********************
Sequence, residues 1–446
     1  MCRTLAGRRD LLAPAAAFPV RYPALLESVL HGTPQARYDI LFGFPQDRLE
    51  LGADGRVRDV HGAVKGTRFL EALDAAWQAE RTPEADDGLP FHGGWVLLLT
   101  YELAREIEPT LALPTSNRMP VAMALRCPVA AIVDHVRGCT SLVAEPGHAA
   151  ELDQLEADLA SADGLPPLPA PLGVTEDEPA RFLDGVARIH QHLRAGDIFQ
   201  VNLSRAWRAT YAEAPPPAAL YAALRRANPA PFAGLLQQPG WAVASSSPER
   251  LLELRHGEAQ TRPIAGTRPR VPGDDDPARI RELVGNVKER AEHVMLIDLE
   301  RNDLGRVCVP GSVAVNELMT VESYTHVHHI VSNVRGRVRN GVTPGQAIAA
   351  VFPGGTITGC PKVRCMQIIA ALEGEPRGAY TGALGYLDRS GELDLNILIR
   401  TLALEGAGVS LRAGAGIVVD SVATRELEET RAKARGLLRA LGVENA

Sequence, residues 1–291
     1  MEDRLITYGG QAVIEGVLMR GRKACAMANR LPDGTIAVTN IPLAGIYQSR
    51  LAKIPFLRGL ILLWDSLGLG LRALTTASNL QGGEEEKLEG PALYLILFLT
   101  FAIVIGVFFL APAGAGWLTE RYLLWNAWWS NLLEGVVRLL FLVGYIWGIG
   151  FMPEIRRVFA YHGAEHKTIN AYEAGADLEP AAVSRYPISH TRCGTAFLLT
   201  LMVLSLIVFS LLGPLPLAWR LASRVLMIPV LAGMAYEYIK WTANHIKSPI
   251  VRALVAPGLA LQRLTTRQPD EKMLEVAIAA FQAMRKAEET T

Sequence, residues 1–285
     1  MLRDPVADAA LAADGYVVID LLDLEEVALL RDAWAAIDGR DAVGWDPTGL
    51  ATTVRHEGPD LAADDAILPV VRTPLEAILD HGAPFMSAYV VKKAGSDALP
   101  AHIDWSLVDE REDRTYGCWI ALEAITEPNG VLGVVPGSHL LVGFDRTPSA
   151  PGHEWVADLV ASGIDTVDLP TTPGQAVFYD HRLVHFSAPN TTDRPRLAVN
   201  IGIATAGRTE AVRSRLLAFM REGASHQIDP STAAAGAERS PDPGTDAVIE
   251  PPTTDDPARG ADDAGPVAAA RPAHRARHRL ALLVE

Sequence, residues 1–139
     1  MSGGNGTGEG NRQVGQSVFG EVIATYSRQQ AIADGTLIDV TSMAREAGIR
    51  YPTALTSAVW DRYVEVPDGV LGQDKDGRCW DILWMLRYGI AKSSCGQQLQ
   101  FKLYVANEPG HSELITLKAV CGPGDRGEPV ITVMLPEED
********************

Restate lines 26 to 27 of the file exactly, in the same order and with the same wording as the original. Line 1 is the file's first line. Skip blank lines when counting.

     1  MSGGNGTGEG NRQVGQSVFG EVIATYSRQQ AIADGTLIDV TSMAREAGIR
    51  YPTALTSAVW DRYVEVPDGV LGQDKDGRCW DILWMLRYGI AKSSCGQQLQ